I ran into the following on a CORE-only cluster: "No write operations are allowed directly on this database. Writes must pass through the leader. The role of this server is: FOLLOWER".
I access the node via HTTP, not Bolt (Because we started the project in PHP, when there was no Bolt connecort yet
The word FOLLOWER is self-explanatory, but in the cluster picture, it is also stated that CORE are meant for Read and Write
So, the question is: Why may not I write on that CORE which is meant for Read-Write?
Optionally: How can I make a multi-LEADER CORE cluster?
These terms are from the underlying raft consensus algorithm. A follower receives updates from the leader. A leader decides to commit a transaction based on the number of followers that confirmed that they have received an update.
A follower is also a candidate to become a leader when a leader election is triggered.
A read replica receives updates, but does not count towards consensus. It also will never become a leader. Read replicas are a bit like the database equivalent of a content-delivery network.
The reason you can't write to a follower is that there is no internal forwarding to the leader. The bolt drivers handle routing on the client-side by receiving routing information and relying on explicit read or write session types to decide where to send a given query.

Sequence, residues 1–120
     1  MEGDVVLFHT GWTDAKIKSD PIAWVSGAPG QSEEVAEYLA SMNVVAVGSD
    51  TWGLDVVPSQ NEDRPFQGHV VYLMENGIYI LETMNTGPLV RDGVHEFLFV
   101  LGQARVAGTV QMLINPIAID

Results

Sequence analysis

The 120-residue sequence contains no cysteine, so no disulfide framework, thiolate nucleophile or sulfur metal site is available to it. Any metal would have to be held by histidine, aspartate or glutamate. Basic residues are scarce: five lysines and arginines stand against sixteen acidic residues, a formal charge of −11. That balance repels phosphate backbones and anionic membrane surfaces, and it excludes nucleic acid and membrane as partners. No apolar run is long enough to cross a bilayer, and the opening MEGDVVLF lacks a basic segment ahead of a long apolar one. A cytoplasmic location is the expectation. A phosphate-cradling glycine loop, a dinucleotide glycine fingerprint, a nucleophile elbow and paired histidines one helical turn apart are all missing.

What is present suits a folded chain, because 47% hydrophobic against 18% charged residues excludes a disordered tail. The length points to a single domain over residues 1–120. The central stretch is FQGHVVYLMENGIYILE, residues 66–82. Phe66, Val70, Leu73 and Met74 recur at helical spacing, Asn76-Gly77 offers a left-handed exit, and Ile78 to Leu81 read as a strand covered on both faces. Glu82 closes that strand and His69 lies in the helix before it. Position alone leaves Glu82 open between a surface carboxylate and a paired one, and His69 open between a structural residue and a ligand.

Thank you @abk ,
If I understand correctly, despite I set a 100 nodes CORE cluster up , only one is LEADER, so that this only one can receive writes?
But if I set a 100 nodes CORE cluster up, it is to be able to share (round robin or random, whatever) things amoung all (or most) nodes!
I mean, it missis the "cluster" side of the definition.
A correction, it is possible to request server-side routing as explained in the Internals of clustering - Operations Manual .
Theoretically server-side routing would also forward http requests. I'm double checking on this as our documentation does not indicate whether or not it is possible. Will update this thread with whatever I learn.
Regarding clusters: the primary purpose of the cluster is resilience to failure. For reading, you can easily scale up read capacity by adding more members. However write operations are always serialized transactions. The data consistency guarantees would require multiple writers to coordinate their writes, returning to a serialized operation. Multiple writers are only possible with isolated data. A graph, by definition, is connected.
The way to crack that is to allow multiple graphs, which can then be independently updated. The problem is then what to do about querying across the independent graphs. That is the problem space of Neo4j Fabric.
Does that make sense?